CANMORE – Canmore may have a new bylaw that gives it the ability to fine people with fruit trees in their yards that attract wildlife, but officials used 2019 to educate residents on the issue rather than enforce the new rules.
Council was provided with an update on the new regulations to manage fruit from trees as a wildlife attractant. Officials said bylaw peace officers favoured using education over issuing tickets and fines this year when they responded to calls for fruit on the ground, which can attract wildlife to residential properties.
"The main focus was on education over ticketing … that’s really where we’re headed, seeking education prior to ticketing," said manager of protective services Greg Burt.
“What we would do – we’d receive a call, we’d attend, we’d observe it and we’d speak with either the occupant, or try and track down the home owner, and tell them the importance of removing the fruit from the tree.
"Of the 24 calls we responded to or investigated, only two tickets were issued.”
The fruit tree initiative is part of the wildlife attractant bylaw, which was updated and approved by council in August. The updated bylaw called for increased fines from $100 to $250 and up to $10,000 for residents who leave fruit on trees, or have birdfeeders on their property when they are prohibited, which is from April 1 to Nov. 31.
As well, it allowed for bylaw peace officers to fine residents even if wildlife wasn’t in the tree. The amended bylaw specifically targeted three types of fruit bearing vegetation: crabapple and mountain ash trees, as well as shepherdia bushes, also known as a buffaloberry.
The Town identified two priority zones: the Three Sisters area, as well as downtown and south Canmore.
“The vast majority of the calls that we responded too were either in Larch downtown or in south Canmore," Burt said. "I think we’re all familiar, there were a couple of black bears that were hanging around and quite enjoying themselves in the fruit trees, cherry trees.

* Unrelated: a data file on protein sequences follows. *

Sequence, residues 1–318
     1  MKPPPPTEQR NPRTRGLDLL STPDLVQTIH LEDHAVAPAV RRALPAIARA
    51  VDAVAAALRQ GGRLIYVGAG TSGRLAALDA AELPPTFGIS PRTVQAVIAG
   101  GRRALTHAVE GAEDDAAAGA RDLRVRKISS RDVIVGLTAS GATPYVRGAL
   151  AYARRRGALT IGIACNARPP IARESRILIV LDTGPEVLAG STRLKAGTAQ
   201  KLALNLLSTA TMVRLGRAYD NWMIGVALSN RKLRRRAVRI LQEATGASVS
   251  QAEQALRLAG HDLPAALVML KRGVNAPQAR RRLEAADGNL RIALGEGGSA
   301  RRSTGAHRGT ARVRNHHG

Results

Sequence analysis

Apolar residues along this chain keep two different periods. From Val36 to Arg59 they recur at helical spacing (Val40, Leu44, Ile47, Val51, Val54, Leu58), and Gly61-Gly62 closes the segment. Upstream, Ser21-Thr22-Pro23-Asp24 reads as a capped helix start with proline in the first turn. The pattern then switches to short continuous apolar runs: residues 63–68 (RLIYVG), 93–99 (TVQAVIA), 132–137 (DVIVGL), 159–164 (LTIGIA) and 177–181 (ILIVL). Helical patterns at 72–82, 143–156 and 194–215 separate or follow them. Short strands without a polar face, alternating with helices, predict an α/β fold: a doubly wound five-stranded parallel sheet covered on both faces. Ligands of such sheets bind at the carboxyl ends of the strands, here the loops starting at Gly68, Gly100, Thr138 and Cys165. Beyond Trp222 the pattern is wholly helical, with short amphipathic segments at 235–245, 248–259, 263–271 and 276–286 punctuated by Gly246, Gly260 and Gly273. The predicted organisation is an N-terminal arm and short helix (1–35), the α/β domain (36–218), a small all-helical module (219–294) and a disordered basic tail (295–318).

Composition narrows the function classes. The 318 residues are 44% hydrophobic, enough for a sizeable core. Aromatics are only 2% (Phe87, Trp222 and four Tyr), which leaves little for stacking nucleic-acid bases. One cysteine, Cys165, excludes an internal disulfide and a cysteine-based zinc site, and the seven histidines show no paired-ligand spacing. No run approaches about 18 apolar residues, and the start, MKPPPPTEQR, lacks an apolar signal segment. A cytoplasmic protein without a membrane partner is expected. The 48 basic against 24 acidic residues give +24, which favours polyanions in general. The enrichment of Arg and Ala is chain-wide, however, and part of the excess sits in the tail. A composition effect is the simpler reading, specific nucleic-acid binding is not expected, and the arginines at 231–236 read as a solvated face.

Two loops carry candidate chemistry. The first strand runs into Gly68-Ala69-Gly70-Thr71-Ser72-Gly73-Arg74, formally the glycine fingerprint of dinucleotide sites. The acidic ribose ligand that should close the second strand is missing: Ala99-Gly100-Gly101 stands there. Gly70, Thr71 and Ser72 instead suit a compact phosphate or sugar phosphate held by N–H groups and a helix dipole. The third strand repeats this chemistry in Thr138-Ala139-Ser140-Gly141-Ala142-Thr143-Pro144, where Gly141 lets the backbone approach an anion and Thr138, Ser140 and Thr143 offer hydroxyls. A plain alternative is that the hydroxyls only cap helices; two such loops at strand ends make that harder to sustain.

“In a priority one zone, [the bylaw officer would] provide them less time than in a priority two zone, but that also shifted based on the activity of the bears in the community. We did respond to a number of calls in Larch and you can see that that’s not actually a priority zone.”
Burt said 24 trees were removed through the Town’s tree removal program, which helps supplement the cost of removal for residents, at a total budget in 2019 of $3,300. The two tickets that were issued, he said, were given because occupants had been previously spoken too and were non-compliant.
Mayor John Borrowman raised concerns over signage in the Three Sisters area, which he indicated are too “polite.”
“I think we could be a little less polite on that sign, it’s like ‘please remove fruit from trees,’ ” he said.
“I think we have to be a little more direct in our language ... that’s my opinion. That sign next year when it goes out, because it will, could remind people that there is a fine for leaving fruit on the trees. Just my thought.”
As well, Borrowman indicated a common complaint the Town has received regarding the initiative is a lack of available officers to come to a property with fruit in trees. Burt said at the end of 2020, a review will be done and a discussion around a second officer dedicated to fruit trees will be on the table.
For more information around living with wildlife, visit www.wildsmart.ca, or visit the Town of Canmore’s website at canmore.ca/residents/stewardship-of-the-environment/removing-wildlife-attractants for more on the fruit tree initiative.